Wednesday, November 11, 2015

Amazon Books: Not a Community Library Experience

Amazon opened a physical bookstore in Seattle called Amazon Books. It's kind of weird.

As I scanned my Twitter feed, I was really irked when I saw the clickbaity Atlantic headline: Did Amazon Just Replace the Public Library?  Because the obvious answer is "um... no?" Bookstores are not intended to be public libraries and, while they can be excellent community partners, they are not designed to provide the same kinds of community learning and connection as a public library. I decided to go to the store to poke around and see what inspired such a strange assertion for that article. What I found was, frankly, not that exciting.

Here is Amazon Books. It's a storefront in University Village, a huge outdoor shopping center with stores like the Apple Store and Gap.

They had a good selection of new and popular titles with an interesting shelving model. There are no prices for any of the books because Amazon prices fluctuate. For an interesting take on the store's design and purpose, I will refer you to this Forbe's article

Much like Barnes and Nobel with their Nook stations, Amazon Books had stations set up to try out Kindle devices. I thought this was a pretty clever display to feature both physical books and Kindle Fire's video functions.

They also had Kindles every so often sitting on the shelf next to books. This reminded me of how libraries will often have signs promoting online resources out in the stacks. Any libraries that loan out eReaders may want to take note of this idea.

In the middle of the store there was a bench or two with televisions to try out Fire TV.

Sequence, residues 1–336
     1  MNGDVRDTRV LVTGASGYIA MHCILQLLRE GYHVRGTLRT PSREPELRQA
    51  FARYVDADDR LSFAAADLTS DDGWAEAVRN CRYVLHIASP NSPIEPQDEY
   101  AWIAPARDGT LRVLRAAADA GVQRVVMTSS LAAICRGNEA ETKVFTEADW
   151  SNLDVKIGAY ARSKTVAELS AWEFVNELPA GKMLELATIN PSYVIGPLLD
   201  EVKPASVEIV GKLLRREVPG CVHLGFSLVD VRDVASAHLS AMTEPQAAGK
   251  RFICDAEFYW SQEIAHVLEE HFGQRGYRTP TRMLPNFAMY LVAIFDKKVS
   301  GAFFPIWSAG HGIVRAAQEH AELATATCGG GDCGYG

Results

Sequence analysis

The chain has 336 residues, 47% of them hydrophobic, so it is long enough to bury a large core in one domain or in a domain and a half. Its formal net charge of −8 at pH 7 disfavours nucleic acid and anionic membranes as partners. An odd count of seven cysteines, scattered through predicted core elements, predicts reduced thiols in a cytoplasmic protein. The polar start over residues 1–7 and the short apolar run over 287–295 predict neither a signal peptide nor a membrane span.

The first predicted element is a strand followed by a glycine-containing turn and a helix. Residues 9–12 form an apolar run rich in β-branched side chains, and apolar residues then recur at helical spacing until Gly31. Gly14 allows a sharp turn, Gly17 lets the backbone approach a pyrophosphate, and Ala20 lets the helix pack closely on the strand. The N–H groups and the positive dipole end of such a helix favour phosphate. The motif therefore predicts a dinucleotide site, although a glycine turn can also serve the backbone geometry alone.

And lastly, like many bookstores, they had a counter to ask for information and counter to purchase your items. Pretty basic.

The store was extremely busy at 10:30am today. It was especially filled with children because school was out for Veteran's Day. The children's section was so packed I could barely even enter it. Tubs of toys were, unceremoniously, dumped out onto the floor and children played with them in the aisles. The children's area was small and crowded with shelves, making this activity inconvenient for anyone actually shopping for books.

I asked for help in the Young Adult section to find Winter by Marissa Meyer. A young woman with a hand held device searched for the title. While she was very effective at using the device, her knowledge of the store layout and the merchandise seemed spotty. At least at many local independent bookstores you get the expertise of booksellers.

After exploring the store I still have no idea why you would think that a small storefront like this would replace a public institution. Many independent bookstores in Seattle come much closer to acting like a library, like Third Place Books with their Third Place Commons and Ada's Technical Books with their free talks and programs on many interesting scientific topics. Amazon Books, however, is just a store. And this store, with its lack of personality and service, is literally like buying it yourself on the Amazon website. Well, except you have to put on pants and actually drive out to a store.

Public libraries are a destination and community staple because they provide free and open access to information and resources. Amazon Books is not even remotely doing this. More importantly, Amazon doesn't even remotely claim to do that. It's a bookstore. It sells books. That's it, really. Libraries, meanwhile, provide community learning spaces and resources. They are doing really important and cool things to help the community like connecting at-risk youth to helpful resources, feeding hungry children over the summer, and teaching English as a second language to immigrants. Oh, yeah. And they also have books. A lot of free books.

Let's stop devaluing the public library with these assertions that the library is being 'replaced' or will soon be 'extinct.' It's an important part of every community and needs our support. Thanks!


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